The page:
How to Make a Test Book (and Why You Should)

I love spy novels. And I love spy films. I especially love how modern technology is portrayed when things happen in real-time—every computer works perfectly and the good guys always have incredible techno-wizardry at their disposal. But what I also love is the idea of the “burner phone,” the pre-paid, disposable phone that works instantly when the protagonist needs it. In essence, the burner phone is a test phone. The hero can do things with it that he or she can’t with the “real” phone, and then be done with it. This got me thinking about books, as most things in life do. The “burner” book or “test” book is an essential part of the book-making process, though it often gets overlooked by novice book-makers worldwide.

Name something that comes from the creative world that is perfect on the first try. Are novels written in one draft? Do architectural plans always succeed on the first try? Does a black and white negative get printed perfectly in the darkroom on the first print? Does a flawless painting emerge on a blank canvas the first time the painter applies their oil or acrylic? Spoiler alert: the answer is no. Everything that is born from creativity tends to reach peak impact upon revision. The same is true for making books.

Here are some things to remember when you’re preparing a test book:

1. Determine what kind of test book to make

Anytime I want to make a new book to showcase the best of my artistic ability, I have to decide which features my test book will include. This is the time to address any concerns or questions I have going into the project. What don’t I know how to do? What am I uncertain of? Should I use 10 pt type or 11 pt type? What about my typeface? Should I run images with borders or should I go for the full bleed? I can look at my computer monitor all day long, but the monitor is not the same as seeing my work in print.

2. Make your test version smaller than the real book

Think small. If you are creating a 200-page, 11×13, hardcover photo book, you don’t need to make a 200-page, 11×13, hardcover test book. You can choose a 20-page, softcover, 7×7 with the same paper and still experience how the larger book would feel without paying the larger book price. Look, we all make mistakes. I make them all the time. So why not make the mistakes on a small, informal, inexpensive version of your masterpiece?

3. Think of it as an experiment just for you

Nobody else will see this test book. It does not define you as an artist but rather defines how intelligent your book-making process really is. Talk to any accomplished book-maker about making test books and you will get the appreciative nod of those in the know. The test book should be your playground for the experimental.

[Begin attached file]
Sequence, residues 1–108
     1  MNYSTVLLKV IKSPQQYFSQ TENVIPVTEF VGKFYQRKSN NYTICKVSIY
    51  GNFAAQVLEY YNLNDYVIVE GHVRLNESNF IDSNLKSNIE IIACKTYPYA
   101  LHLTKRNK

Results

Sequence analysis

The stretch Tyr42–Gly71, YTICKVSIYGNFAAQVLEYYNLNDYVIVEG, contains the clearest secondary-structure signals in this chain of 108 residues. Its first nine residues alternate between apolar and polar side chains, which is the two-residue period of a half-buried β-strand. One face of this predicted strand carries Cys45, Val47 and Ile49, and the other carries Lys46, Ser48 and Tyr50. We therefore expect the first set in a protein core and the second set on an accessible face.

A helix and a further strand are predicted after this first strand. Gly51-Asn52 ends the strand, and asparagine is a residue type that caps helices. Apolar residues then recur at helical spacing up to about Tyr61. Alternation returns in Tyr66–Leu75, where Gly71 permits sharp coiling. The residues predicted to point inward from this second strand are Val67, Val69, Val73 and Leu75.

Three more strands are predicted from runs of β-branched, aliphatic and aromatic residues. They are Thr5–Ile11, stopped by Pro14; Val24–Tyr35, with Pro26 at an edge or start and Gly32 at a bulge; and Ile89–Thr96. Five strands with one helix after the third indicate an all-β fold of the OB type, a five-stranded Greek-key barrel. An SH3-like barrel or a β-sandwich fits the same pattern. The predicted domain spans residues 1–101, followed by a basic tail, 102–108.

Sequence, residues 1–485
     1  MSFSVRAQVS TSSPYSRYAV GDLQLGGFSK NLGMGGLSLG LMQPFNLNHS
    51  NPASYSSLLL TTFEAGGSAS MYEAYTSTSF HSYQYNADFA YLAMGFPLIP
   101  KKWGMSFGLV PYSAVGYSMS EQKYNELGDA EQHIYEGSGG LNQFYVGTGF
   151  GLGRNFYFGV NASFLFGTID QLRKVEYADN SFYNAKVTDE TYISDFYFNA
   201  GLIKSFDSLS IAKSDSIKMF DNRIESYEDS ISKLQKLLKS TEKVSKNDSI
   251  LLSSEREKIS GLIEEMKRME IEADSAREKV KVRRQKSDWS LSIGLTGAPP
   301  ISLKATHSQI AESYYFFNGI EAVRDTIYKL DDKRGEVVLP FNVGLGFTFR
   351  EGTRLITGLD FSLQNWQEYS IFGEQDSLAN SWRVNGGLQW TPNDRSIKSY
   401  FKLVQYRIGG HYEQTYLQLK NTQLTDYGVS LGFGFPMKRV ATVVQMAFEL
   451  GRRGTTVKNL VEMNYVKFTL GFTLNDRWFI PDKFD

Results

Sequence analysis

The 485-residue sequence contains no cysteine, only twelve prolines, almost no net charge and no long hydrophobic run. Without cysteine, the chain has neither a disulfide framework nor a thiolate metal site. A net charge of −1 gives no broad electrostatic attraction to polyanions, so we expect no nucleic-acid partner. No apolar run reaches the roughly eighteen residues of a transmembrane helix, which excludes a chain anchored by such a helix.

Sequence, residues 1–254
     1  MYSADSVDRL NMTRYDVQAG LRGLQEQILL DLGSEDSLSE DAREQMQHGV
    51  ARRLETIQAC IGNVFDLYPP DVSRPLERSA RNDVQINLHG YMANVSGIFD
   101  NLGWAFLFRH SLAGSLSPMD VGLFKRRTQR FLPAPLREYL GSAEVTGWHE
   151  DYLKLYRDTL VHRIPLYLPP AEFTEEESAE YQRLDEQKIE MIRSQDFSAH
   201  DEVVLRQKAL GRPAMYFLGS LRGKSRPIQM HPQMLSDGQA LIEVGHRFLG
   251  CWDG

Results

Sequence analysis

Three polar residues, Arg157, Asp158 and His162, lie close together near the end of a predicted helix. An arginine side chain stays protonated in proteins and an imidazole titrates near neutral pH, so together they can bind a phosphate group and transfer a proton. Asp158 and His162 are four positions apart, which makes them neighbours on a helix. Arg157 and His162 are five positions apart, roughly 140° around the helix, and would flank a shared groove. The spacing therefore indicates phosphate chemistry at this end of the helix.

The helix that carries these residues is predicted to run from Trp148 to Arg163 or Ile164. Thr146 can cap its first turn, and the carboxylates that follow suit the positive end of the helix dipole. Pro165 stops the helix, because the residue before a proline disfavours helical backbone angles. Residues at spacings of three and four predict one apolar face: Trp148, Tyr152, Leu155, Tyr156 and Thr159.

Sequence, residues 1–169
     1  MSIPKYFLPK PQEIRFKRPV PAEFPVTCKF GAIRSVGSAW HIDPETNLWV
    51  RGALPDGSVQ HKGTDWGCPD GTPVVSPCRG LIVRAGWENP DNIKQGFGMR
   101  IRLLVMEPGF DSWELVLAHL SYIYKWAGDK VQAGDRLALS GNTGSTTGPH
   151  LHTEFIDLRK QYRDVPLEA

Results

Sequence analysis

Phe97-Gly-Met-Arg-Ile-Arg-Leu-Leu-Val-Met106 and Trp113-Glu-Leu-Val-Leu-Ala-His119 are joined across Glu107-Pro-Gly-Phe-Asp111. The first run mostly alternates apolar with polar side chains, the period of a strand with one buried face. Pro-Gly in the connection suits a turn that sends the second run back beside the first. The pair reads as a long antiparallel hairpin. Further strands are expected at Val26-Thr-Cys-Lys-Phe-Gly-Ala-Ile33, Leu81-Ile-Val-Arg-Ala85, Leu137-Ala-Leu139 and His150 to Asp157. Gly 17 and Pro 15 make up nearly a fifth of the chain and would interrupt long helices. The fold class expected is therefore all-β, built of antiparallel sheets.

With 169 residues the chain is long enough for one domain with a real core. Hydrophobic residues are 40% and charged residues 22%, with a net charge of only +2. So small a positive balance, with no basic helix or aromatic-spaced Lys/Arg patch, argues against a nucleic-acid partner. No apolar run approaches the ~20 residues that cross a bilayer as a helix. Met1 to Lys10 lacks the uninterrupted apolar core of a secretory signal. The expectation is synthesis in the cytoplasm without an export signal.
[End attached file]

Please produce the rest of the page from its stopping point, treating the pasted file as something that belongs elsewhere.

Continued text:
4. Include different versions of images and text

Once I’ve determined my story, and the images are ready to go, I take black and white images, toned black and white images, color images, and any scanned additional artwork and I import them into the test book. The book will show me how these different items print on the paper I’ve chosen. Do I need to open up my images a half stop, or lower my contrast? What about the design? I can try different things, but I don’t have to fret about anything being perfect. The same applies to text. I choose three or four typefaces, write a random sentence (like a line of dialogue from my favorite spy movie), and I run that same sentence at 8 pt, 10 pt, 12 pt, and 14 pt for comparison. I can’t tell you how many times I’ve gone back to old test books to guide me in my typography decisions.

5. Stay optimistic and try to have fun

Making a test book can be fun and work as an enormous pressure relief value. So many times, I run into novice book-makers who are afraid to hit print because they worry they’ve made a mistake. As a realist, I always say “The odds of perfection are low, so why not make a test book and take away some of that pressure?” There is nothing more stimulating, more motivating than getting a wonderful book in the mail, but there can be nothing more deflating than getting a book that isn’t quite what you envisioned. So, stack the odds in your favor and try making a test book. Yes, you will pay your twelve or fifteen dollars, but think of the money it will save over time.

What often gets lost in the book-making process is the idea that it should be enjoyable. There are plenty of challenging things in life, but book-making should not be one of them. Sure, compiling a book is often like putting together the pieces of a puzzle, but ultimately it should be a positive experience, and the test book is a strategic, affordable way to make that happen.


Are you ready to print a test book? Choose your book format and get started now.



This is a unique website which will require a more modern browser to work!

Please upgrade today!